USIU-Africa students emerge winners in annual global technology competition

A team of four Kenyan university students beat stiff competition from 163 countries across the globe to win the 2021 Microsoft’s annual global student technology challenge, Imagine Cup.

The four, Khushi Gupta, Jeet Gohil, Dharmik Karania and Abdihamid Ali (all pictured above) are fourth-year students from the United States International University (USIU) – Africa, undertaking bachelor’s in computer science.

They developed an IoT-based infant monitoring solution, REWEBA (Remote Well Baby), which remotely analyzes infant parameters during post-natal screening and serves as an early warning intervention system. The team won $75,000 (approximately Kshs 8 million), a mentoring session with Microsoft CEO Satya Nadella, and a $50,000 (approximately Kshs 5.35 million) Microsoft Azure Grant.

The 19th edition of the competition brought together thousands of students from 163 countries across the globe reimagining tech solutions to impact their communities. With projects submitted in four social good categories – Earth, Education, Healthcare, and Lifestyle – the competition advanced through Online Semi-finals and World Finals rounds. As winners of each category, the top four teams were selected to pitch their projects at the World Championship during Microsoft Build for the chance to take home the 2021 trophy.

Team REWEBA emerged winners from the top four teams selected out of 40 World Finalists that presented their projects at the World Finals. The other three top teams were Protag from New Zealand, Hand-On Labs from the United States and Threeotech from Thailand.

“It is absolutely gratifying that a Kenyan team would come up with a solution that could compete on a world scale and even emerge as winners. The Imagine Cup is a chance to make something that matters to you and develop your skills as part of the journey. We have the tools, resources, learning materials, and mentors to help you bring your project to life. Whether you’re hoping to accelerate with Artificial Intelligence, create with Cognitive Services, master Machine Learning, or build low-code solutions with Power Platform, this competition is an experience for everyone,” says Kendi Nderitu, Country Manager, Microsoft Kenya.

REWEBA is designed as an early warning system that digitally monitors babies’ growth and health parameters and sends them to doctors for timely intervention. It combines Machine Learning, IoT, Analytics, and more to provide innovative functionalities for infant screening, mimicking the process of post-natal screening in a hospital. Team member, Jeet Gohil, shared that “There’s a lot of technologies that we came to discover {through building our project}, for example Azure DevOps, IoT, and Functions. We learned a lot about how to build IoT systems.”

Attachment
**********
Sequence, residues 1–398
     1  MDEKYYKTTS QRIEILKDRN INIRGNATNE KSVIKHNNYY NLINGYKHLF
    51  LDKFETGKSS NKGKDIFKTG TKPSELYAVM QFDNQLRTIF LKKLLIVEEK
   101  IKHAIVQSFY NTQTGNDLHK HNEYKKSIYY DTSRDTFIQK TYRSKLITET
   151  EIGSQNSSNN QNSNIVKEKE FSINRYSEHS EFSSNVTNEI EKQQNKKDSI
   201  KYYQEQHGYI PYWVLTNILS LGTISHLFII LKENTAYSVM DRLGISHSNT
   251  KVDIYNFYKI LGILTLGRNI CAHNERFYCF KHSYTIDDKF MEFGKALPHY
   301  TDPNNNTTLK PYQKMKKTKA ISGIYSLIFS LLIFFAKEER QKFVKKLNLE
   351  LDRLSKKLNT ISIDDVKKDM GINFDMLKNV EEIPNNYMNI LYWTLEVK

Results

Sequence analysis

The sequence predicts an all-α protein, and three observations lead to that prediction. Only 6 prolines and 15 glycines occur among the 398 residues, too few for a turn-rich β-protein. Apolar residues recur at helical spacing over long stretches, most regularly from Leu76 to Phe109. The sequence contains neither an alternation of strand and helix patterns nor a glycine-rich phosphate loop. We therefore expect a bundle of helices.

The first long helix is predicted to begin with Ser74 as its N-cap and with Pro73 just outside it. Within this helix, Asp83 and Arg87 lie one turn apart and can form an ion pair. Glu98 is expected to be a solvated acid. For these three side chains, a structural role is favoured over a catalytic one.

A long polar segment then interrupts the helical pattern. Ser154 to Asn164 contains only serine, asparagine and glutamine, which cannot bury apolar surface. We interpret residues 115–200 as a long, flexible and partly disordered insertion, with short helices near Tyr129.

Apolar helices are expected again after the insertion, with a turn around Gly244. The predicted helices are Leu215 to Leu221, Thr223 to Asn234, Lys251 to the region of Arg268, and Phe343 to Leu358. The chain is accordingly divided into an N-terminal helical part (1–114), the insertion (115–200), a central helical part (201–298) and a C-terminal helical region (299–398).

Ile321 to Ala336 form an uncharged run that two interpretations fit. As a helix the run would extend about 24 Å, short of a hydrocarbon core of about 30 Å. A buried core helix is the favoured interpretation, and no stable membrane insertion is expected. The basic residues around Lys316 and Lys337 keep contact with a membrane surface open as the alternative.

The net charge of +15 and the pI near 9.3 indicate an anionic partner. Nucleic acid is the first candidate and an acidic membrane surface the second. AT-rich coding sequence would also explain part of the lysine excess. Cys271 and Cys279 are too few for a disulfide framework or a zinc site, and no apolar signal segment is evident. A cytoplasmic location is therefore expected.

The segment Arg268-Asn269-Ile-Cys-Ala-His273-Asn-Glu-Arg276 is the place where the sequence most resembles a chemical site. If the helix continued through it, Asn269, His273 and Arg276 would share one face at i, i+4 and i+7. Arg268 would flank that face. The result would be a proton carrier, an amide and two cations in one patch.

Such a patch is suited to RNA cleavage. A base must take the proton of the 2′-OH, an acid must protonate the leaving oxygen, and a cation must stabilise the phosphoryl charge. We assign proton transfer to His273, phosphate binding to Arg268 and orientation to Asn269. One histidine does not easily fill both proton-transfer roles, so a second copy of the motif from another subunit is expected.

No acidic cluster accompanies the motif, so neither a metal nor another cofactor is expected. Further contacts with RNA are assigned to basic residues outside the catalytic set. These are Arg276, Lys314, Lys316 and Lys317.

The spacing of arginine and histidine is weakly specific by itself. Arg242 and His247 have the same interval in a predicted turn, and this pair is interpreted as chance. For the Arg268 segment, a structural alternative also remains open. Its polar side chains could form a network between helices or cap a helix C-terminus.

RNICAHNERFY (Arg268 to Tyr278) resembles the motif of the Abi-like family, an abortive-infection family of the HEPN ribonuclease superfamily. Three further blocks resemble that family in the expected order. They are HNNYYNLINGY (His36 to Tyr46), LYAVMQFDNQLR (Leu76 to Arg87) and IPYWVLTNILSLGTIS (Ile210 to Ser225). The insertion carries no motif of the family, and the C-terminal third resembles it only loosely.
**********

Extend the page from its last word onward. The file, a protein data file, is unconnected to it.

Another team member Khushi Gupta says: “Sub-Saharan Africa remains the region with the highest under-5 mortality rate in the world. The project idea, which has taken two years to develop, came to life when we were doing community service at local hospitals. We saw mothers coming from far-away places walking the whole day and queuing just to get their babies screened and if mothers don’t do that, they don’t get the parameters monitored which are very vital to identify diseases early. We can solve this problem using REWEBA, a remote infant monitoring system that can be used in marginalized areas thus giving everyone equal access to healthcare.”

“What a great honour and privilege for our students to be recognised at such a global platform. The future is indeed digital and I’m proud to see our students use their academic exposure to build an application that with immensely support our country to reduce infant mortality and at the same time, scale it to a global level”, said Paul Tiyambe Zeleza, Vice Chancellor, (President) and Professor of the Humanities and Social Sciences at the United States International University-Africa

Looking to the future, Team REWEBA hopes to enhance and scale their project to include additional infant screening factors and a postnatal screening device for mothers. The team would like to launch a start-up in Kenya to enable even better access to healthcare services in marginalized areas. When asked how winning the 2021 Imagine Cup will impact their project, the team responded, “The winning prize and the Azure grants will take our project up a notch, and we envision saving millions of babies’ lives all around Kenya. We plan to extend throughout Africa and India as well, as these are the countries where infant mortality is really high.”

This year, six teams from Middle East and Africa including Kenya, Pakistan and Tunisia made it to the semi-finals. Over the past 19 years, more than two million student competitors have signed up to build something that matters to them, make a difference in their communities, and innovate for impact. Registration for the 2022 competition is now open.

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